China may build a permanent naval base in a strategic African port.
On Sunday, Ismail Omar Guelleh, the president of Djibouti, told AFP that “discussions are ongoing” over Chinai building a military base in his country, adding that Beijing’s presence would be “welcome.” The country also hosts American, French and Japanese military installations.
“France's presence is old, and the Americans found that the position of Djibouti could help in the fight against terrorism in the region," Guelleh said during the interview.
“The Japanese want to protect themselves from piracy — and now the Chinese also want to protect their interests, and they are welcome," he added. The report went on to say that China would likely establish the base at Obock, Djibouti's northern port city.
When asked about the report, Chinese Foreign Ministry spokesperson Hua Chunying refused to deny its veracity, and in fact stopped just short of confirming it.
“We have noted the relevant report,” Hua said, before adding:
China and Djibouti enjoy traditional friendship. Friendly cooperation between the two sides has achieved constant growth over recent years, with practical cooperation carried out in various fields. What needs to be pointed out is that regional peace and stability serves the interests of all countries and meets the aspirations shared by China, Djibouti and other countries around the world. The Chinese side is ready and obliged to make more contributions to that end (emphasis added).
China has long participated in an international anti-piracy operation in the Gulf of Aden, near where Djibouti is located. As Hayes Brown notes over at Buzzfeed, some in China have previously raised the possibility of Beijing establishing naval bases on the African contentintent. About five years ago, one top Chinese admiral was quoted as saying that ““I think a permanent, stable base would be good for our [anti-piracy] operations.” However, China’s Defense Ministry quickly shot down the idea, stating that: “Some countries have set up overseas supply bases (but) the Chinese fleet is currently supplied at sea and through regular docking (in the Gulf of Aden region).”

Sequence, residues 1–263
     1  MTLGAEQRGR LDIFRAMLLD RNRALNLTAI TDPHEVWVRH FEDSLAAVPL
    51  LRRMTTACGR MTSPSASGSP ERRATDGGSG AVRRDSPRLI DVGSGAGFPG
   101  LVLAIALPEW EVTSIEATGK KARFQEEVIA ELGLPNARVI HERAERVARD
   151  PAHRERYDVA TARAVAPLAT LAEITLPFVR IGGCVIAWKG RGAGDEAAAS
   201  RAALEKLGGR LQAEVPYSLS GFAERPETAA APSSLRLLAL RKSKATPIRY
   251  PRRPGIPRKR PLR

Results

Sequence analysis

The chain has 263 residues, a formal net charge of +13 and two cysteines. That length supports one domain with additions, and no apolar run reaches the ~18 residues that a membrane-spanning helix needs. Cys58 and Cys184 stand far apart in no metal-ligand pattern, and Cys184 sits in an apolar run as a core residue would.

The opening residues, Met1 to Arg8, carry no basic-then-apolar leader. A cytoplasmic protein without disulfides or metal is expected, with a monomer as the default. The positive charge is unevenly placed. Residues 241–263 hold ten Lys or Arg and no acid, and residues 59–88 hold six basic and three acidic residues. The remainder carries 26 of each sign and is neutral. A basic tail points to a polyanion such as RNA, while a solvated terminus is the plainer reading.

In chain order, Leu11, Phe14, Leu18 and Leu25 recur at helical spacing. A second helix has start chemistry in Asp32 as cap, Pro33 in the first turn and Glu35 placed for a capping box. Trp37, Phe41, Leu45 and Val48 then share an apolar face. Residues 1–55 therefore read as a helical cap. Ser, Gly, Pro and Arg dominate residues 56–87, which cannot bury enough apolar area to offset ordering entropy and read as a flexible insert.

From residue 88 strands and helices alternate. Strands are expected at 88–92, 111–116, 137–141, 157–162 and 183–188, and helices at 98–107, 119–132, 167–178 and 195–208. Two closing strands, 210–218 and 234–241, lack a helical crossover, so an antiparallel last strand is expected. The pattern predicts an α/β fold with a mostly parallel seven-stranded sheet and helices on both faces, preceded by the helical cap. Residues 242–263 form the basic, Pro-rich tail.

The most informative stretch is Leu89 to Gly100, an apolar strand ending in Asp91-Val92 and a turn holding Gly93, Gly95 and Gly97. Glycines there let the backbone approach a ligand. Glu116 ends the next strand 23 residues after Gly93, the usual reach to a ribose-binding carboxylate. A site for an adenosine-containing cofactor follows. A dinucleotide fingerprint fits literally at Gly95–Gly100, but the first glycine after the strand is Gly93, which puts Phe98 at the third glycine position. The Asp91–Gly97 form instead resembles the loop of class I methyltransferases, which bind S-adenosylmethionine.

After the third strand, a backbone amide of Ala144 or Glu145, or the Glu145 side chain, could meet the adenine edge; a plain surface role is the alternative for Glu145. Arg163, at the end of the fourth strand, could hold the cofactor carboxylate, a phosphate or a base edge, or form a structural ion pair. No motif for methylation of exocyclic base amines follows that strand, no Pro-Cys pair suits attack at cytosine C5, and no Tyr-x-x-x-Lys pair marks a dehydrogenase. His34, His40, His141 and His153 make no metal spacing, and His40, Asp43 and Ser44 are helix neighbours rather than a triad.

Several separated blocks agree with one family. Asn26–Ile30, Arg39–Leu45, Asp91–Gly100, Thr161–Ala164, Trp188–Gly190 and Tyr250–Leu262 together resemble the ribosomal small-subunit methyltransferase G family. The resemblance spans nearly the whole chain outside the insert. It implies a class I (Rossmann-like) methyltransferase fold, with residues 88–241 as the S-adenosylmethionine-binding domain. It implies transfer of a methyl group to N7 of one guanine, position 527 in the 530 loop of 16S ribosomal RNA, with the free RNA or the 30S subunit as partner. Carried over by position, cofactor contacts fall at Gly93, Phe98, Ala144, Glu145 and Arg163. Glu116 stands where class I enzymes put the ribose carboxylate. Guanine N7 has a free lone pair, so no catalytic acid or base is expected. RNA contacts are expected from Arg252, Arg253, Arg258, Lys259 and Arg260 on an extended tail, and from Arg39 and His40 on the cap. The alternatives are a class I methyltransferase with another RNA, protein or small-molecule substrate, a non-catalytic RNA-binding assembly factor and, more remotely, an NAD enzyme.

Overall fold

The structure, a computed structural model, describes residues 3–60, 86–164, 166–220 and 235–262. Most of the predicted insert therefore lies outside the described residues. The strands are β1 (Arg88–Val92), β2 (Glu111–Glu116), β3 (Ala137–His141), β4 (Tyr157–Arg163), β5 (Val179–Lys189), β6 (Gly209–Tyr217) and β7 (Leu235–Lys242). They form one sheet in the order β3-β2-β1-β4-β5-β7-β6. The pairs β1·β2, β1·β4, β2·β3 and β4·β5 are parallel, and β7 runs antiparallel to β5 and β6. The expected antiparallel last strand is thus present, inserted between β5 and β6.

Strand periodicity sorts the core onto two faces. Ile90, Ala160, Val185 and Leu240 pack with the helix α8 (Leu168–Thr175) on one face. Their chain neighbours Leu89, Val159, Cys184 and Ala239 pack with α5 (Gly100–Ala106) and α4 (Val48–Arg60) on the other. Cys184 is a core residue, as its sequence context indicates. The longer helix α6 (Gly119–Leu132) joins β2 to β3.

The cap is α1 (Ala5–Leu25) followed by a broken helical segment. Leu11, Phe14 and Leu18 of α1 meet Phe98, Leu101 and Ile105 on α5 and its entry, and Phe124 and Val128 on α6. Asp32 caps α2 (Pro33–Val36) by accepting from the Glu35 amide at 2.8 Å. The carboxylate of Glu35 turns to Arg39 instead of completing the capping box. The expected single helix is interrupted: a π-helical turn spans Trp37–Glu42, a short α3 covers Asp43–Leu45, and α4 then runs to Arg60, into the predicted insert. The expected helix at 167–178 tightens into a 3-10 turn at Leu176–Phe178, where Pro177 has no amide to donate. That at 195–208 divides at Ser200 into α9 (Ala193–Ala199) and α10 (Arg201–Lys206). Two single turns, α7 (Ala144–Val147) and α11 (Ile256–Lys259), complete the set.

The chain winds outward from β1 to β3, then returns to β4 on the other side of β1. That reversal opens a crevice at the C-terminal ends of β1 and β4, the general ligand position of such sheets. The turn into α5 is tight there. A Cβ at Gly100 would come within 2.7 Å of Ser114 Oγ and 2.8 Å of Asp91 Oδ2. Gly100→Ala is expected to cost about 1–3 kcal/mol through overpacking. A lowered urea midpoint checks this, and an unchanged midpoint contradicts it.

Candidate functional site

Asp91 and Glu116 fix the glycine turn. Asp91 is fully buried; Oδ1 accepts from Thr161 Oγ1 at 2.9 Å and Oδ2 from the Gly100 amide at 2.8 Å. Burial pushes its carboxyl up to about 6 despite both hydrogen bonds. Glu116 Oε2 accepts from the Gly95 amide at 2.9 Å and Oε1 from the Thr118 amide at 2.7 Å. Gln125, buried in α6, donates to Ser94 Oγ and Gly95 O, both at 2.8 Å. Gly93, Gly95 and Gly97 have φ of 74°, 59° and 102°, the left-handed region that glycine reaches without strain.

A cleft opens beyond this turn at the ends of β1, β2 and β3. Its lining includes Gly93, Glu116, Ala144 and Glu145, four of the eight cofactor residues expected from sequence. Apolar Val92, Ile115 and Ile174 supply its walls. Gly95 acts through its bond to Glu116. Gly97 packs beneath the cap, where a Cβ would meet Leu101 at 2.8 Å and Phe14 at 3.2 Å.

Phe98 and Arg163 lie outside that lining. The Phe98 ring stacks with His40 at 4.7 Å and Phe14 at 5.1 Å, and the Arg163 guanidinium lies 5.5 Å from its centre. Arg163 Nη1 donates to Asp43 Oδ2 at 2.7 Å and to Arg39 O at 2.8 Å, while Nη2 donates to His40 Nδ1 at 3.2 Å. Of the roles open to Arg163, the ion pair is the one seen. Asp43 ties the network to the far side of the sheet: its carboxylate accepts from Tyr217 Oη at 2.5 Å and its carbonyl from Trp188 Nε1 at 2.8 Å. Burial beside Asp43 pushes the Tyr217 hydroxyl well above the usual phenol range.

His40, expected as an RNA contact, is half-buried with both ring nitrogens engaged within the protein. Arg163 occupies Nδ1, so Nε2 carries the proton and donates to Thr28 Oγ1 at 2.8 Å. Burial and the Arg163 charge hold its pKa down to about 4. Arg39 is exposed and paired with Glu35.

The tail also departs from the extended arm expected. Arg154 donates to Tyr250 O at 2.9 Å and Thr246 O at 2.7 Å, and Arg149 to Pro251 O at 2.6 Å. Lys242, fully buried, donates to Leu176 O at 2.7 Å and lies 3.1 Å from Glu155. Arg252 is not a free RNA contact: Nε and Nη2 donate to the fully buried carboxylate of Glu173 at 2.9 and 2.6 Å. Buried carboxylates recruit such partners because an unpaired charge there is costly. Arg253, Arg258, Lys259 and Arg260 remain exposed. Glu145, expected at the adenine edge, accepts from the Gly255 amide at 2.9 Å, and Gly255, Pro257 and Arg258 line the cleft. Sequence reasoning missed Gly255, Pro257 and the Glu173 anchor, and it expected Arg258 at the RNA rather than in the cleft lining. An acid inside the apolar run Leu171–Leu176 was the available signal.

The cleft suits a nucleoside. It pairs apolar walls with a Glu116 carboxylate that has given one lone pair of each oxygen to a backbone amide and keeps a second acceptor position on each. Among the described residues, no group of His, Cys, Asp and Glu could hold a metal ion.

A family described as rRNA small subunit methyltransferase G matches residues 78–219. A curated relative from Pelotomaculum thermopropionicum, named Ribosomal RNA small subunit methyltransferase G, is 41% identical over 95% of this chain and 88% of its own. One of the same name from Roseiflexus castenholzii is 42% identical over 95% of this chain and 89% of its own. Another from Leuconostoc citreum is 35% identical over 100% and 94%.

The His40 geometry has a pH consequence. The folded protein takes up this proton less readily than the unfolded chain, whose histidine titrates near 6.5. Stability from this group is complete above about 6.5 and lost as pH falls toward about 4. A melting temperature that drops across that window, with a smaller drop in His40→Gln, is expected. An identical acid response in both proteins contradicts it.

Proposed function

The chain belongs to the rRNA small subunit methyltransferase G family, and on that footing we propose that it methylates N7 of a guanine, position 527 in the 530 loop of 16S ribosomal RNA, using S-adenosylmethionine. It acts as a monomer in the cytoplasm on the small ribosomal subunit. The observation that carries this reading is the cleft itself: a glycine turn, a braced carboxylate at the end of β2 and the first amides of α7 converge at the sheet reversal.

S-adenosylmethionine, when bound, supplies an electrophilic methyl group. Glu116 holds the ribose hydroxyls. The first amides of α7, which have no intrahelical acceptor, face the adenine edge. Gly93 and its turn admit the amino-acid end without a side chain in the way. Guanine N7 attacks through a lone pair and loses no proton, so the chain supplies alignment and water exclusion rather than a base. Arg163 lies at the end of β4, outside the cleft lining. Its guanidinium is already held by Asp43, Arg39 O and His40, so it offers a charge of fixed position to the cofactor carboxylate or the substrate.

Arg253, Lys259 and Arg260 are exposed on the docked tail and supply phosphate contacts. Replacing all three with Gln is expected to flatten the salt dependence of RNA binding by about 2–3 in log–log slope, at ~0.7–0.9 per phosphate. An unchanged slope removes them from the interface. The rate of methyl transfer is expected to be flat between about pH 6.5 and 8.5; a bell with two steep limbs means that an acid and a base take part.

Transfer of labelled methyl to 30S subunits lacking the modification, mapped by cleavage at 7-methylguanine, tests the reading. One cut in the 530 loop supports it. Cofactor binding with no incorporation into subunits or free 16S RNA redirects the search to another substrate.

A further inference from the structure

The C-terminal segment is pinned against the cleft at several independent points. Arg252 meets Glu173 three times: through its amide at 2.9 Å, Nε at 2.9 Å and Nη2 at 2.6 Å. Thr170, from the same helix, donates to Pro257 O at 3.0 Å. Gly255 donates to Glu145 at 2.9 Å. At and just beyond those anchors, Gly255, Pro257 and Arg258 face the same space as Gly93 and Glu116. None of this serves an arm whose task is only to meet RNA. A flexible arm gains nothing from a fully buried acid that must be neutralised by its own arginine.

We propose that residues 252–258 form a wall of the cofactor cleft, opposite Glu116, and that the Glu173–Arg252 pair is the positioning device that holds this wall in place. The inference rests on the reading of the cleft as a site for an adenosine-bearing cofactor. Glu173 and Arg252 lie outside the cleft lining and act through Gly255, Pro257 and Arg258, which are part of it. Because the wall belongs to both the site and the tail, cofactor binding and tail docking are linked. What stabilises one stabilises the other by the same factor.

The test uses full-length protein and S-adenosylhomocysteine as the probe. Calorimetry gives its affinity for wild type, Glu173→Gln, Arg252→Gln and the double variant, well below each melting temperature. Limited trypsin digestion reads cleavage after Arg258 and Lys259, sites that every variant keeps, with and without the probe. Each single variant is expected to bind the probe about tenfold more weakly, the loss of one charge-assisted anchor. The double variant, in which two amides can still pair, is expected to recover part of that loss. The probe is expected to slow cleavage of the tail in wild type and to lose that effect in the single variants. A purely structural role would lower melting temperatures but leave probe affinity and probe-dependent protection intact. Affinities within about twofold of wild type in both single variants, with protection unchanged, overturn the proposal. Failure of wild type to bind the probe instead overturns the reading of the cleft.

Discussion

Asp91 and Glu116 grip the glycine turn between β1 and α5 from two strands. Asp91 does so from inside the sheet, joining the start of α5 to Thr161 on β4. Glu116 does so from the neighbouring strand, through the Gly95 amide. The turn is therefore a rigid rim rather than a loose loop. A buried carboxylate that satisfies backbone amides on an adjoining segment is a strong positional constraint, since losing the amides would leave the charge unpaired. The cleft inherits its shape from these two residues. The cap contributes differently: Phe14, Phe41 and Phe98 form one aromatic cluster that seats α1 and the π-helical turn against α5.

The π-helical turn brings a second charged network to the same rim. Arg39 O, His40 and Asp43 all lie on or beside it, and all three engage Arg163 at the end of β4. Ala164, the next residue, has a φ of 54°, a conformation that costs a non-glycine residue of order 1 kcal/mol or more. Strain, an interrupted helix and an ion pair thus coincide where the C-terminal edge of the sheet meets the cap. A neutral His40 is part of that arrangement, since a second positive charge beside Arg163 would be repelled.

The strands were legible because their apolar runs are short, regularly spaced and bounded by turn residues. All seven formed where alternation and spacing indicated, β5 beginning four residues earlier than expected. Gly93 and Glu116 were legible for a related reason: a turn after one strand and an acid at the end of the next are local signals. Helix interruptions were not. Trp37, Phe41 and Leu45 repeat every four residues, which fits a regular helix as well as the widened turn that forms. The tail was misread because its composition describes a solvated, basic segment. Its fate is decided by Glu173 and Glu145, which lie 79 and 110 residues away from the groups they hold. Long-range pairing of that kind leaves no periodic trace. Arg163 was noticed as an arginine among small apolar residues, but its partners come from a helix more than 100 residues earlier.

Djibouti already hosts Camp Lemonnier, which serves as the primary base of operations for U.S. Africa Command (AFRICOM) in the horn of Africa. The base is used primarily to conduct counterterrorism operations in the region, including launching unmanned drone attacks.
Japan opened its own base in Djibouti back in 2011 to bolster its ability to conduct anti-piracy operations in the region. Before then, the Japanese Maritime Self Defense Force (MSDF) had been using Camp Lemonnier as its base of operations. Earlier this year, Japan’s Defense Ministry announced that it would be expanding the operations it conducts from its lone foreign operational base.
The negotiations over establishing a naval base in Djibouti underscores China’s desire to bolster its presence in Africa. Back in 2014, China and Djibouti inked an agreement that gives the Chinese military access to Djibouti port. China is also heavily invested in infrastructure projects in Djibouti’s landlocked neighbor, Ethiopia.
As I’ve previously argued, China is better positioned to prevail over the United States in their ongoing competition for influence in the region.
Zachary Keck is managing editor of The National Interest. You can find him on Twitter: @ZacharyKeck.
U.S. Navy photo by Mass Communication Specialist 3rd Class Ben A. Gonzales